How the biggest patent dispute of all time contributed to the development of the telephone
Prof. Dr.-Ing. Dieter Brückmann on Alexander Graham Bell and the success story of the telephone
Alexander Graham Bell, a native of Scotland, known in America as an audiologist, inventor, major entrepreneur and eugenicist, died on August 2, 1922. What was his outstanding achievement?
Brückmann: Alexander Graham Bell is always associated in the first place with the invention of the telephone, even though he was active in many different fields. Building on the ideas of other inventors, he developed the telephone to market maturity and applied for a patent for it in 1876, just hours before his biggest competitor, Elisha Gray. Despite years of litigation, Bell was awarded this patent, probably one of the most valuable patents ever granted. To market his invention, the Bell Telephone Company was founded by a group around Gardiner Hubbard with the participation of Alexander Graham Bell. Bell took on the role of technical advisor in this company. Although he largely withdrew from this company as early as 1880, it later developed into one of the world's most successful telephone companies.
Phonetic communication played a special role in the Bell family. Do you know why?
Brückmann: Both Alexander Graham Bell's grandfather and father were already involved in spoken communication, the latter even developing a universal phonetic phonetic transcription as part of his professorship in speech and elocution. Alexander Graham Bell's mother suffered from a hearing impairment and was almost deaf. Bell therefore employed special speech techniques that made it possible for him to converse with her nonetheless. She was also able to perceive his piano playing through the acoustic vibrations. Through this early awareness of spoken language communication, Alexander Graham Bell became a proponent of spoken language oriented methods of education for the deaf, as an alternative to signed language oriented methods. Even after moving to North America, he worked for several years in Northhampton, Massachusetts, as a teacher of the deaf and at Boston University as a professor of speech technology and physiology. He also met the deaf Mabel Hubbard, the daughter of one of his later supporters and business partners, through his work as a teacher of the deaf. In 1877, Mabel and he married.
Bell studied Latin and Greek and at 17 became a teacher of speech and music in Scotland. Even then he began his first research in acoustics and met the German polymath Hermann von Helmholtz, who influenced him greatly. In what?
Brückmann: Helmholtz, a German physicist and physiologist, had already published the work "Lehre von den Tonempfindungen als physiologische Grundlage für die Theorie der Musik" in 1863. The approaches described in it had a great effect on the young Bell and strongly influenced him in his further work.
Bell studied anatomy and physiology in London. After two of his brothers died of tuberculosis, the family moved to Canada because of the better climate, where Bell later became a professor of speech technology and physiology of the voice at Boston University. In 1874, he conducted acoustic experiments to record sound waves and constructed a so-called phon automaton, a device that recorded the vibrations of sound on a sooted cylinder. Why were these experiments important?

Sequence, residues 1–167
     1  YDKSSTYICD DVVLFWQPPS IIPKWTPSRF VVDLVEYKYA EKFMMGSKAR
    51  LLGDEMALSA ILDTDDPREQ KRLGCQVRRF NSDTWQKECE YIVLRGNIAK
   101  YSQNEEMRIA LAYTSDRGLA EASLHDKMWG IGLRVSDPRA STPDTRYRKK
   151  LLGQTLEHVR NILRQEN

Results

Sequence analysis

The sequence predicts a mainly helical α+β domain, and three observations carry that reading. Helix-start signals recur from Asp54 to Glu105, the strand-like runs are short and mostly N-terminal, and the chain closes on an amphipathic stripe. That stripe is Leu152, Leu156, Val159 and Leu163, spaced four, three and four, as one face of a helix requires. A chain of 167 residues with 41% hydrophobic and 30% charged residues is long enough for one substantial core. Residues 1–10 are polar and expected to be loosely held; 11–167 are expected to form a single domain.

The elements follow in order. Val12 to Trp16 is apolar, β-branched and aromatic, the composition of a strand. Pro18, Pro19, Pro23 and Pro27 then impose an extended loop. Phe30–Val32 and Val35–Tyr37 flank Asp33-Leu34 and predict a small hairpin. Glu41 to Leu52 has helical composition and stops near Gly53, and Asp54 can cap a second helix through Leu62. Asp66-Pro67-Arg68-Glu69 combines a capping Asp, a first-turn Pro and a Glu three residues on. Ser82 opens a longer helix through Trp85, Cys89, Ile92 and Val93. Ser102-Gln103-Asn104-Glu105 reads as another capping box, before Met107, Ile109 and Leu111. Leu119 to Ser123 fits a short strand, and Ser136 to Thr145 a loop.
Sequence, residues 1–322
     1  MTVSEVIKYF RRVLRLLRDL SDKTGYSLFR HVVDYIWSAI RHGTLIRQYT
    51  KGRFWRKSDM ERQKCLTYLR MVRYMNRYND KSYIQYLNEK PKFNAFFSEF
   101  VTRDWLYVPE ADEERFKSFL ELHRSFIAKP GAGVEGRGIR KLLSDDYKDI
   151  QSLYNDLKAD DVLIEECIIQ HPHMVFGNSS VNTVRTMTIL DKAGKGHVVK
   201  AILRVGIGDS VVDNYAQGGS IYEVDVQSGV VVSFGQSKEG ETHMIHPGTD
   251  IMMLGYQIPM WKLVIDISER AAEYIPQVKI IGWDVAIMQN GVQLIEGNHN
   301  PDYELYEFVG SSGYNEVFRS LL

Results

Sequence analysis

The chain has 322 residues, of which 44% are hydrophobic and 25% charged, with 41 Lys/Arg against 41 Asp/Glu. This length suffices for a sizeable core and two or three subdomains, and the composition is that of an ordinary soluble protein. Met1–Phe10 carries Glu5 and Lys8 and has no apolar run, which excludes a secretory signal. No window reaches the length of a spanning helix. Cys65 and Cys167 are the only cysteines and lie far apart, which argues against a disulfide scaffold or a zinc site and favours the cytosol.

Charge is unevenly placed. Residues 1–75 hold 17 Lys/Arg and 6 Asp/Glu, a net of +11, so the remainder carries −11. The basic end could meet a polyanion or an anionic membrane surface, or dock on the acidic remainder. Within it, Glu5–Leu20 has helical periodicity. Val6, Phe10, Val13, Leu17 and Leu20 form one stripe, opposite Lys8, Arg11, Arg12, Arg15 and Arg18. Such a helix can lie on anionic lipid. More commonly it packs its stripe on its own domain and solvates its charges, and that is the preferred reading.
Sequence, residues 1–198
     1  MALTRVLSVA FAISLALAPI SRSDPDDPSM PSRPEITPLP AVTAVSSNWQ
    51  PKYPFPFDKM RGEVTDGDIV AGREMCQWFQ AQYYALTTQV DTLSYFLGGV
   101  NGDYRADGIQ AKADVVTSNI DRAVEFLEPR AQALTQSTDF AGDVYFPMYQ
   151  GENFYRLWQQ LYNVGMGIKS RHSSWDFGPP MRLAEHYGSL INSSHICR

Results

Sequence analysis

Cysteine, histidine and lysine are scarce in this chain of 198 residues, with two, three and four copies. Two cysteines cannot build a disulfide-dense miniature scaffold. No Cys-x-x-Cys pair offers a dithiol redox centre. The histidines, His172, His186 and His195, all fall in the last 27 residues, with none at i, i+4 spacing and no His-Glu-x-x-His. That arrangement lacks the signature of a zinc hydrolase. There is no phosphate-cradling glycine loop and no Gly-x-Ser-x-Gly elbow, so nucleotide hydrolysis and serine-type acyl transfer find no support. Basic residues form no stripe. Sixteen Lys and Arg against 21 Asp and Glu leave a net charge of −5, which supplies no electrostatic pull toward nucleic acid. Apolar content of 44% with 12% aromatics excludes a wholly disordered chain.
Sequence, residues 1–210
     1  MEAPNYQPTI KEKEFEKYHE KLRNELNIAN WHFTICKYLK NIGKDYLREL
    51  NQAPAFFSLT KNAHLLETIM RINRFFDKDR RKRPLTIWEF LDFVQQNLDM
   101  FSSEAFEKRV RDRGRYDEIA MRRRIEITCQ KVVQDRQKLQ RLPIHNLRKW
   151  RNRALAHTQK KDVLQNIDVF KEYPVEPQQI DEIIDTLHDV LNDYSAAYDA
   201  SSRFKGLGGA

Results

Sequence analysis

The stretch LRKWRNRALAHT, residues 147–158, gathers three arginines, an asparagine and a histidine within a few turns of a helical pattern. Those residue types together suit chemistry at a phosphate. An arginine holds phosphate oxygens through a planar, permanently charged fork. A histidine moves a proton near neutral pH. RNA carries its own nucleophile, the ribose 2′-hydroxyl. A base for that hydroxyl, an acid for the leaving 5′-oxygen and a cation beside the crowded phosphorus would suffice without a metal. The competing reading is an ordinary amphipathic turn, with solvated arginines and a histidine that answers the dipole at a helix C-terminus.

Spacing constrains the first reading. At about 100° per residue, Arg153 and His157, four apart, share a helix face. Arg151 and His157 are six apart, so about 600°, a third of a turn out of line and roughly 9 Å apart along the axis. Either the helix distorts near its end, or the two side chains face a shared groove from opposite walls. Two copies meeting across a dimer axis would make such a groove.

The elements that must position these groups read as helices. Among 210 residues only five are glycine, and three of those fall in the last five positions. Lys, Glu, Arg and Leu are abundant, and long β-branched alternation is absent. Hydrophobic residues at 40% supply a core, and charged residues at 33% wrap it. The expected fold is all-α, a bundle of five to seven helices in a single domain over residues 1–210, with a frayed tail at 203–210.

Brückmann: In Alexander Graham Bell's phon automaton, sound was picked up by an ear and recorded on a sooted metal cylinder for optical viewing. The ear had previously been removed from a corpse. This was to make the composition of the sound optically recognizable, which in turn was to enable the deaf to better control speech. Sound reproduction was not yet considered. Even though the experiments were not very successful at first, they made an important contribution to the construction of a functioning telephone. Here, too, sound had to be implemented in a similar way.
In 1876, he achieved the most lasting historical success to date. In doing so, he drew on the preliminary work of the Italian Antonio Meucci, who was only thanked posthumously for his achievements in 2002. What is this about?
Brückmann: The Italian scientist and inventor Antonio Meucci had already discovered in the 1830s that sound can be transmitted by electrical oscillations in copper wire. In 1850, he moved to the USA where he further developed his telephone. He applied for a patent for his so-called "Telettrofono" as early as 1871, but this was not granted for over two years, so the application lapsed. Meucci submitted his papers and equipment to Edward B. Grant, vice president of the American District Telegraph Co. to have his invention tested on their telegraph cable, but was stalled for more than two years. In the meantime, Bell, now working in Meucci's former workshops at the American District Telegraph Co. used its materials and records to further develop his own telephone. In 1876, Bell finally became the first to apply for a patent for this. Despite decades of disputes with Bell, Meucci did not succeed in obtaining the patent or at least financial compensation. He died an impoverished man.
Bell also profited from the basic research of the German Philipp Reis, who had already developed a sound-transmitting device that he called "Telephon". Can one say that Bell made use of other, non-proprietary scientific findings?
Brückmann: You could say that the time was ripe for the telephone when Bell filed his patent in 1876. Important basic research in the field of spoken communication was done by Philip Reis, but also by others. Philip Reis developed his "telephone" already in the period from 1858 to 1863 and sold it in larger numbers as a demonstration object. Through this, it also reached foreign countries. This device in turn inspired a number of inventors to experiment and further develop it. Bell also came into contact with it both in Edinburgh and later in the USA. It is undisputed that he certainly benefited greatly from the basic research of Philip Reis, which was very important to him. Even though Bell was greatly inspired by the preliminary work of others, he also contributed his own important improvements. Finally, he had good contacts with people who promoted his work, so that he was the first to successfully apply for a patent for acoustic sound transmission.